Point-and-read device reads on site

Chip giant Intel has launched a device to help people with vision problems who have difficulty reading standard print.

Using a built-in high-resolution camera, it allows users to point at and ‘shoot’ a section of printed text which it converts to digital text that can then be reproduced on the Reader’s display and repeated aloud via voice synthesis to users (the unit had an earphone jack for more personal audio). A separate Portable Capture Station, which looks a bit like a foldable camera rostrum, is designed to enable the Reader to capture longer sections of text such as magazines and books, for later ‘perusal’.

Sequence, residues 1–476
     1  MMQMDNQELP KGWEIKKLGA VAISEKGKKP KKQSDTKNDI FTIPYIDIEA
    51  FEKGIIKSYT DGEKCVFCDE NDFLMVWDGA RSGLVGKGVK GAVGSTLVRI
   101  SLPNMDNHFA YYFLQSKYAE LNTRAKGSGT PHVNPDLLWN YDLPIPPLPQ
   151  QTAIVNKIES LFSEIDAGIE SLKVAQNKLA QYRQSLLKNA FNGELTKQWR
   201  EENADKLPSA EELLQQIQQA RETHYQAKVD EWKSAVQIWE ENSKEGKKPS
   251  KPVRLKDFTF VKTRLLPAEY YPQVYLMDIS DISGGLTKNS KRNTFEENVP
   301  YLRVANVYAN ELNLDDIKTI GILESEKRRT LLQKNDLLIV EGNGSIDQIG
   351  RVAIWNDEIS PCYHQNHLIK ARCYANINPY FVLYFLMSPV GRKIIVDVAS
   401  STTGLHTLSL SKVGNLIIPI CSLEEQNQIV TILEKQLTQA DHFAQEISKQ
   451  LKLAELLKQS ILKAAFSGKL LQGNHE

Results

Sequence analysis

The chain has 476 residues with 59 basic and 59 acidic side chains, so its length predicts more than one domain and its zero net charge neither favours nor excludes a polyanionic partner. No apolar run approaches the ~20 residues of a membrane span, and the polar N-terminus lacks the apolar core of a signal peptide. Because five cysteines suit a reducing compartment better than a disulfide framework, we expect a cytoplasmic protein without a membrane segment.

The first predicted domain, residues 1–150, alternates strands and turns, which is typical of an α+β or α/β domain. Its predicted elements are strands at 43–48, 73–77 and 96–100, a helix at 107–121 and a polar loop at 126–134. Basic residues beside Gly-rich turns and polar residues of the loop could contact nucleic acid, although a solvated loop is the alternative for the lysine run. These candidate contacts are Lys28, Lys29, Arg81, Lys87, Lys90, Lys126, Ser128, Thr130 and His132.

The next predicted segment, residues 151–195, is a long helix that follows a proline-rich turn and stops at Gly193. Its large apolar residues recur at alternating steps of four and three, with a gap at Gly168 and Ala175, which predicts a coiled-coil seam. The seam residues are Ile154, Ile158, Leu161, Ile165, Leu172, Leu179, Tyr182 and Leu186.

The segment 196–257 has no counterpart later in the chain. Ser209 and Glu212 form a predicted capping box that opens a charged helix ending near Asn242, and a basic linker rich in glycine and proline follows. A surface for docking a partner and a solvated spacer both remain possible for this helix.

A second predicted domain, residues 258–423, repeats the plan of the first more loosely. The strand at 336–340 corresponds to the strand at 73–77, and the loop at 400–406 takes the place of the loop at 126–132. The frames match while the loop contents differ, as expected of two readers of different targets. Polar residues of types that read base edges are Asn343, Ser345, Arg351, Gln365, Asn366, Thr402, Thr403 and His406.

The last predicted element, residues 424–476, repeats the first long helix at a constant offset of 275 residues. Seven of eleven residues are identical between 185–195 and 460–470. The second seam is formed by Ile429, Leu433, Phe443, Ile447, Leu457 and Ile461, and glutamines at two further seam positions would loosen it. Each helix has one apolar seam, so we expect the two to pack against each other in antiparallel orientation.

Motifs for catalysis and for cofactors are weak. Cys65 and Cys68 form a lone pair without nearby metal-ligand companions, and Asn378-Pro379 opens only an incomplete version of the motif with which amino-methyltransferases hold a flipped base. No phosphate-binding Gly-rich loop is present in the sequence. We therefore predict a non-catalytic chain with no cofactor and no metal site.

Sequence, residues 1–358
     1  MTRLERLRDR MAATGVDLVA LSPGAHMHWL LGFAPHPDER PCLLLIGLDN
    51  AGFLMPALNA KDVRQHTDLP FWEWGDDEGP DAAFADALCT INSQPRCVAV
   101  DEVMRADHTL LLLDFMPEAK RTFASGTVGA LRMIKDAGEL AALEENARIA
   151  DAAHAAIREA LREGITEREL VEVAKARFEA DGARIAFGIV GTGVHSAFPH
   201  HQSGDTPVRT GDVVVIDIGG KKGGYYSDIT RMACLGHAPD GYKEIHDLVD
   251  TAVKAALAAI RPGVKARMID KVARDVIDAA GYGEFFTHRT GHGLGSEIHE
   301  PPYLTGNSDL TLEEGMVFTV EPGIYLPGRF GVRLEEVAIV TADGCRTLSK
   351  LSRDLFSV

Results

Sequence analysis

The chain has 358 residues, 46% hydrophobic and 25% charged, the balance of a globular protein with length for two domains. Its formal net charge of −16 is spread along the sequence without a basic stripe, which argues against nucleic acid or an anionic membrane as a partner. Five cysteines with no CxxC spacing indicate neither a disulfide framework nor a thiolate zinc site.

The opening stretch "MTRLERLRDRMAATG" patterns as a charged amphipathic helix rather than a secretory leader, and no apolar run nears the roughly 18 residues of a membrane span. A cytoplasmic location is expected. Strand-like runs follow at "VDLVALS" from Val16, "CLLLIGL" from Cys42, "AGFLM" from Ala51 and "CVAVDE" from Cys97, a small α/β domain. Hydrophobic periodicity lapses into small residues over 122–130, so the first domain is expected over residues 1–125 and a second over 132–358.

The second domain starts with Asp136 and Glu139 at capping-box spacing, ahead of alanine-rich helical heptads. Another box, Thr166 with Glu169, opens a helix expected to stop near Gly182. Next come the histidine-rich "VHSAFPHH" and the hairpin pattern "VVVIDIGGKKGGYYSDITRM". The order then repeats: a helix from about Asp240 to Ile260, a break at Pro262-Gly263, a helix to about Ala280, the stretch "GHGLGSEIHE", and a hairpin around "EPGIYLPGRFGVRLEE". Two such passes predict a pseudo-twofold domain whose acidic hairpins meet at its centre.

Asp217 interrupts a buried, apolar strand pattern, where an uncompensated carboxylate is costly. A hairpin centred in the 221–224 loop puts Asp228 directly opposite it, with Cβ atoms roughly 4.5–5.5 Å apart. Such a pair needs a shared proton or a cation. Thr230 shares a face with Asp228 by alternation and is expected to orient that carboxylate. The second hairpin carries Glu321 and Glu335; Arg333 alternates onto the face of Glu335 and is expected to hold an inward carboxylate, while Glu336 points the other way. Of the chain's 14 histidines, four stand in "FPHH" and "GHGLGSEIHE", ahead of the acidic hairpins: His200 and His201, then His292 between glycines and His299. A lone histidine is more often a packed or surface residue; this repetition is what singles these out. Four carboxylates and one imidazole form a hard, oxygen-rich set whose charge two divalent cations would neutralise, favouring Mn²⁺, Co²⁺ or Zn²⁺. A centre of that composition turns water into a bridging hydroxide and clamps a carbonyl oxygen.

The idea came from Intel’s director of access technology, dyslexia sufferer Ben Foss, who was identified with the learning disorder at school. As a technology engineer, Foss believed that there had to be an ‘anytime/anywhere’ way to convert text to speech quickly and conveniently, and initially experimented with photographing text and running optical character recognition (OCR) software on the photos. “Necessity is motivating," says Ben Foss, “but frustration is the real mother of invention.”

The Intel Reader was developed through Intel’s Digital Health group, and is of course based on an Intel Atom processor, and the Linux operating system.
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